The Artist's Way
Tonight, I find that I'm tired and there's a little me sitting on my shoulder saying, "it's okay, so what if you don't check in? Just go to sleep, it'll be fine." You see who won, obviously not the little me on my shoulder because here I am.
Week three is an emotional week. The author talks a lot about anger, synchronicity and finally growth. She says, "Growth is an erratic forward movement; two steps forward, one step back. Remember that and be very gentle with yourself. You are capable of great things on Tuesday, but on Wednesday you may slide backward. This is normal. Growth occurs in spurts. You will lie dormant sometimes. Do not be discouraged. Think of it as resting."
When I began this process, had I known then what I know now, I don't know that I would have committed to such a public forum. I must say though that I appreciate that the comments have been few and those that I have received have been kind. Maybe many of you are adhering to the old saying, if you don't have something nice to say, don't say anything at all. If that's true, thank you.
I have thought all day about my check in this evening. It didn't help that I was in a car all day with nothing more to do than a little knitting. The fact of the matter is that I would rather keep it all to myself, but I committed to sharing, so I will.
Although the morning pages and the artists dates are the backbone of our journey, the exercises are very much an important part of the process as well. This week, one of the exercises that I did was on page 73. It has to do with detective work. The questions seem simple enough, my favorite childhood toy was....my favorite childhood game and so on. As I answered the questions, I suddenly realized that in my mind my childhood ended at 14. In the blink of an eye I went from being a child to operating as an adult. An example; I came home from school one day to find my mother on the floor of the bathroom. I took her to the doctor and he said that rather than calling an ambulance, I should drive her to the hospital and he would meet us there. Inside I was screaming that I was only fifteen and only had a driving permit, but I remember feeling that my role was crucial in saving my mother, so off we went. I came home that evening feeling so overwhelmed. I had an eleven year old brother and he needed care. So that night I began to play the role of the adult. I sat the table for breakfast and made pancake batter that could easily be cooked the following morning. She was in the hospital for a month.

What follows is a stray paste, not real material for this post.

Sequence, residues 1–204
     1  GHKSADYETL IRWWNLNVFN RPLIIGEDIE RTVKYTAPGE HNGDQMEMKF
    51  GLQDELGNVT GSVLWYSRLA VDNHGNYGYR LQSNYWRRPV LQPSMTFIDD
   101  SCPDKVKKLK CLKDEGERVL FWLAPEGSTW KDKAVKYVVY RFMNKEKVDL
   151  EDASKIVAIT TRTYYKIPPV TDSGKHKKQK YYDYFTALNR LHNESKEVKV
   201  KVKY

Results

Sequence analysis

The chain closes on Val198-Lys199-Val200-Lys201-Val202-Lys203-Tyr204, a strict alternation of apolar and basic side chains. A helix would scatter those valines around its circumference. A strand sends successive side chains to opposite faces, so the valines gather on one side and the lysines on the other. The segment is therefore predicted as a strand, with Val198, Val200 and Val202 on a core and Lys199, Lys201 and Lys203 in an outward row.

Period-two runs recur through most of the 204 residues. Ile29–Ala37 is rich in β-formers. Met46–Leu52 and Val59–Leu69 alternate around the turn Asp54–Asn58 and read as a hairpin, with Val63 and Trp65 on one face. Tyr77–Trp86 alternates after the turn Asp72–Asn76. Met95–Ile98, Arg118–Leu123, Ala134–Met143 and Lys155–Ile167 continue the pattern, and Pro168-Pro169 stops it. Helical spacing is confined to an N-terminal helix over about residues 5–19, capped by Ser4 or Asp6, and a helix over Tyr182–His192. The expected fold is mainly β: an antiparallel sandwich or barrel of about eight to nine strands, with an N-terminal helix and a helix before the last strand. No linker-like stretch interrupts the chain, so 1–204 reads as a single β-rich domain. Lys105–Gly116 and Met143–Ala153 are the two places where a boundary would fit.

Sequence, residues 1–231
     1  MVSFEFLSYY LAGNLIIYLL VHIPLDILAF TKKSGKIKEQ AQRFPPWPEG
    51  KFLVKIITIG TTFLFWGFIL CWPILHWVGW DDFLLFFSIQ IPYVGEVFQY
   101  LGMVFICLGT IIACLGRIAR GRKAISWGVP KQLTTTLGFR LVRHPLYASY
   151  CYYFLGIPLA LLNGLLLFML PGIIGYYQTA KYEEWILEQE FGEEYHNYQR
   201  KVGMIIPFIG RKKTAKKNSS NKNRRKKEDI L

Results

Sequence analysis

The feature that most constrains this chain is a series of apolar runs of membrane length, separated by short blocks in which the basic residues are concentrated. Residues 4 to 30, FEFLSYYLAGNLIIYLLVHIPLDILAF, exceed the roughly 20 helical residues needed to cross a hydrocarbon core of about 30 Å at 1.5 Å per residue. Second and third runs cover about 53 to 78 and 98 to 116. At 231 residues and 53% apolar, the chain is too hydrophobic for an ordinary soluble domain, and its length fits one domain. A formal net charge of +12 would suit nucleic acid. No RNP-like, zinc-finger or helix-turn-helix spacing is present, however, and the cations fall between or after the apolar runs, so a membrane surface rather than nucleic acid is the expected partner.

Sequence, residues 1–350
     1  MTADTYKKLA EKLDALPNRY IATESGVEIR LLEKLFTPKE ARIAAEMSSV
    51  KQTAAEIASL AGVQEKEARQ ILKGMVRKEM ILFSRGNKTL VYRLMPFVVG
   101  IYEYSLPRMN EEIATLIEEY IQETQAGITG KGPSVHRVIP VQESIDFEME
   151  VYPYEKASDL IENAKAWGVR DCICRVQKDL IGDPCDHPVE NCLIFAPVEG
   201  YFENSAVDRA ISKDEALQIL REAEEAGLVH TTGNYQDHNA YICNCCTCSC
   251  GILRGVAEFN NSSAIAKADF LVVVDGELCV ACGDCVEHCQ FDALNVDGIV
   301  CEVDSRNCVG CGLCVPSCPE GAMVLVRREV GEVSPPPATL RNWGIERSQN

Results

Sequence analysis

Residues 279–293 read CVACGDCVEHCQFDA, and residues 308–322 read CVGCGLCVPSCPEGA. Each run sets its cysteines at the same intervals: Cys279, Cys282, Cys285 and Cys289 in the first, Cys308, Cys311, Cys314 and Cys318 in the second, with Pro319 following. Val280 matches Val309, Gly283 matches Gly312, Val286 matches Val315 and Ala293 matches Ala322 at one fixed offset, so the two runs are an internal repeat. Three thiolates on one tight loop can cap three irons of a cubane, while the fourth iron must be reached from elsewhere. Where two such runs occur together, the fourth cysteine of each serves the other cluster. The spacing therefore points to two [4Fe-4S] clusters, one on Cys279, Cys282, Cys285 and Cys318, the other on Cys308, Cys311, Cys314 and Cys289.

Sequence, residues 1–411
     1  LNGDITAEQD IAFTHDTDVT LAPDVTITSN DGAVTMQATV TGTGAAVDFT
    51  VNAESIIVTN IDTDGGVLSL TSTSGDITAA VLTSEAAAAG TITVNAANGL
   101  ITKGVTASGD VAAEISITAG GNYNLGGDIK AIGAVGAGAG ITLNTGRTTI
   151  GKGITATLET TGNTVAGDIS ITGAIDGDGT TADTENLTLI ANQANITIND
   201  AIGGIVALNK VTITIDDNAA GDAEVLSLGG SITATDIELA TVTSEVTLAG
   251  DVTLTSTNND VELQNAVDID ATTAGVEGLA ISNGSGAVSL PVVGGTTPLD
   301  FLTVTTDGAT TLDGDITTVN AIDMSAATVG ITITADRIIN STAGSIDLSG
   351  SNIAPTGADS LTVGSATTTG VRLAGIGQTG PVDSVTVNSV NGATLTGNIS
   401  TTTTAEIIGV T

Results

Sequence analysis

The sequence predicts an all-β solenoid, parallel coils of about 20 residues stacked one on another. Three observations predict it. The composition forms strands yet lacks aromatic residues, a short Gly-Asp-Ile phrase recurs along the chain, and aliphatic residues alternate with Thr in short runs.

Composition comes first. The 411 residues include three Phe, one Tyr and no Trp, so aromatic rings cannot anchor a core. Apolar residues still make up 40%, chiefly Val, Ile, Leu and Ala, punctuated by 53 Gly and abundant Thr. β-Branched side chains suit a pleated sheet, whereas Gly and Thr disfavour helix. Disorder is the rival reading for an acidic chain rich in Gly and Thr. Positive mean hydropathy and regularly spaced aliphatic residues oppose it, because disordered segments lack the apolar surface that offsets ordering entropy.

Each night we would go to visit our mother. No one asked how we were getting there or how we were getting home. One day my brother asked what we would do if we were stopped. In my innocent way of thinking I told him that we would tell the truth, we were alone, our mother was in the hospital and we wanted to see her. Now as an adult I know that had this happened, we would have ended up in foster care so fast our heads would have spun. We had a mother who was incapable of taking care of us and a father who wouldn't.
The only birthday I have ever mourned was when I turned twenty. This would seem strange to most, I'm sure, but I remember being so excited about becoming a teenager. Although the thirteenth birthday marks the official beginning of the teenage years, nothing really starts to happen for a few more years, finally being able to wear makeup, getting a driver's licence and being able to date. The years that should have been filled with such happy milestones and thoughts of where I would like to go to college were spent watching my father lie to a judge and say that my mother had caused him such mental upset that it had rendered him ill all while she laid in a hospital bed. Worrying about getting snow tires off the car so that we wouldn't get a ticket that we had no extra money to pay and finally spending so much time being treated for ulcers because the burden of it all was so overwhelming.
With my new found revelations, I have experienced quite a bit of anger this week, but I have also found a tremendous amount of compassion for that child who did the best she could. Yes, I was still a child that only acted as an adult because there was nothing else I could do. How grateful I am that that period is over.
What does this all mean? I really don't know. Maybe it's just another step, maybe it's something more, I don't know. One thing I do know is that I am hardly unique in my experiences and I know that there are those who have experienced far graver situations than I have. My prayer tonight is that if this is you, you will be able to find the same compassion for yourself that I have. A child may be able to act as an adult, but they are still very much a child.
And so we move on to week four. This week we will work toward recovering a sense of integrity and discovering a new self awareness. One of the most important tasks this week is reading deprivation. I will challenge you one further, turn off the television. I know from my past experience that week four is a powerful week.
Thank you for coming by this evening.